When you think about the typical morning meal, what springs to mind? Is it bacon and sunny-side-up eggs with toast? Fruit-topped waffles drowning in maple syrup? A bagel and cream cheese or a bowl of hot oatmeal sprinkled with cinnamon and brown sugar? We all have a certain dish in mind when it comes to breakfast. In the United States, breakfast often means flocking to places like Waffle House or IHOP, making a drive-thru run for a Sausage McMuffin with a side of hash browns, or grabbing a croissant with your pumpkin spice latte at the nearest Starbucks..
Realistically, breakfast can actually consist of pretty much anything, from last night's leftover pizza to a sweet Fuji apple, or a grilled medium-rare New York steak smeared with Southwestern butter. Like anything else in life, it's always healthy to challenge your viewpoints about what should and shouldn't be and selecting your next breakfast shouldn't be any different. You just have to step outside your comfort zone. You'll never know what incredible new dish you might discover until you try.
For instance, though you may not consider the new Aloha Grill & Sushi on Calhoun Street as your next breakfast destination, you might want to consider it. Tracey Davenport and her husband Dave Kirtland, the pair behind Aloha Lei at Auction House Market, launched the grill only a few months ago in mid-August, offering "Hawaiian comfort foods with a Southern flair." Located in the Fontainebleau neighborhood in the space that briefly housed the Cuban restaurant El Libre, Aloha Grill features a larger menu with the same sushi, sashimi, and poke bowls found at Auction House Market, but they have added sandwiches like a "Burger Americana" with bacon/pineapple jam and Hawaiian BBQ Shrimp stuffed inside a crusty baguette, along with several adventurous items for breakfast. Try their version of chicken and waffles with panko-fried chicken served atop green pandan (a tropical leaf with a sweet floral flavor) and roasted coconut waffles; the "808 Breakfast" with eggs, Portuguese sausage, bacon, and ham served with your choice of coffee or POG-a sweet mix of pineapple, orange, and guava juice; or the Aloha Breakfast Bowl with Kalua pork, fried eggs, and avocado served atop Spam and pineapple fried rice-drizzled with lava (sriracha and mayo) and Waikiki (pineapple, brown sugar, soy, and
Are your taste buds piqued? Are you ready for the next breakfast adventure? Then get yourself to Saba, the James Beard Award-winning Chef Alon Shaya's Israeli restaurant on Magazine Street. You'll have to get a reservation because brunch (as well as dinner and lunch) are immensely popular at this Uptown gem. Grab a booth inside or sit under an umbrella on their patio and enjoy Chef Shaya's hummus and labneh with fresh-out-of-the-wood-fired-oven pita bread. You should also dip into the interesting entrees on offer. Stay on the safe side with pancakes (but be wowed by the rose tahini topping)or enjoy the orange blossom granola with thick labneh, fresh sweet peaches, and local honey. But be encouraged to step outside the box for "Green" Shakshouka-eggs poached in tomato sauce, spiced with cumin, nutmeg, and cayenne, served with Shaya's additions of spinach, whipped feta, and pine nuts.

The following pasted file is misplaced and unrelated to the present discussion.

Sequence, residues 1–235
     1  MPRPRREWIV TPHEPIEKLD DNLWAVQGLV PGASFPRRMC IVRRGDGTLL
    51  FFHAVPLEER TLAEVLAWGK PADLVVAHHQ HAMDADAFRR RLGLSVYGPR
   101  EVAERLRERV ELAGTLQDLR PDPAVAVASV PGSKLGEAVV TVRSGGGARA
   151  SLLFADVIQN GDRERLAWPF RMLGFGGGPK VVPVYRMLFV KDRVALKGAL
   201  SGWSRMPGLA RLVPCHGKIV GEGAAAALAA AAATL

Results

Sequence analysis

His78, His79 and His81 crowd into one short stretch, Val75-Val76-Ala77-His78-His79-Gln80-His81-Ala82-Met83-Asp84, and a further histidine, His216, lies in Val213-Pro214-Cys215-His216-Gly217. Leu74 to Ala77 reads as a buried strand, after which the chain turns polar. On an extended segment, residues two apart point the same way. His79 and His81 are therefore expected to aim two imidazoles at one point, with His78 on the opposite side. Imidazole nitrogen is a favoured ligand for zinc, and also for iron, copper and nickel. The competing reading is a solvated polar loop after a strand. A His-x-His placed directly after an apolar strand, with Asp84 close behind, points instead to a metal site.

For your next gastronomic undertaking, venture into the Warehouse District for a taste of "innovative Mexican cuisine" at Otra Vez. Famed New York chef Akhtar Nawab has ingeniously combined his native Indian cuisine with that of Mexico, and the resulting dishes are interesting, to say the least. Though they just opened this spring, Otra Vez has already jumped into the New Orleans brunch fray offering cocktails and "platos" that will alter what you thought you knew about the morning meal. Try chilaquiles with fideos, sunny-side-up eggs, avocado, and tomatillo salsa; leavened pancakes with coconut sugar, and orange-honey syrup; or Mexican roti with chorizo verde, crema, and sunny-side-up eggs.
Over in the Marigny, Paladar 511 is a California-esque Italian restaurant with a rotating seasonal menu of dishes like fried arancini, wood-fired pizzas, and house-made pappardelle, but they change things up a bit from their usual fare at brunch. Though they still have a yellowfin crudo and a most excellent farm egg pizza with proscuitto, fingerling potatoes, and goat cheese, the menu also offers an incredible Korean steak and eggs with well-seasoned and braised short ribs, shiitake mushrooms and rice, all topped with a fried egg. It's a tough call to choose between the steak and eggs or their lemon ricotta pancakes with blueberry compote-but not if you go with a friend who's willing to share.
Finally, one of the most affordable examples of an unusual breakfast would have to be the Deviled Egg Toastada at Molly's Rise and Shine-the new breakfast spot on Magazine Street by chef and owner Mason Hereford. In all honesty, there are quite a few unusual breakfast items at Molly's, from Scotty's Collard Greens and Grits with salsa matcha and roasted peanuts to the sweet potato burrito with scallion cream cheese, chow chow, raw honey, and jalapenos. But for a mere $5.50, you can enjoy that tostada, a small dish with a whole lot of flavor, with cotija-whipped egg mousse "stuff," refried red beans, cilantro, pickled peppers, and Daniela's spicy peanut salsa. You'll never look at breakfast the same way again.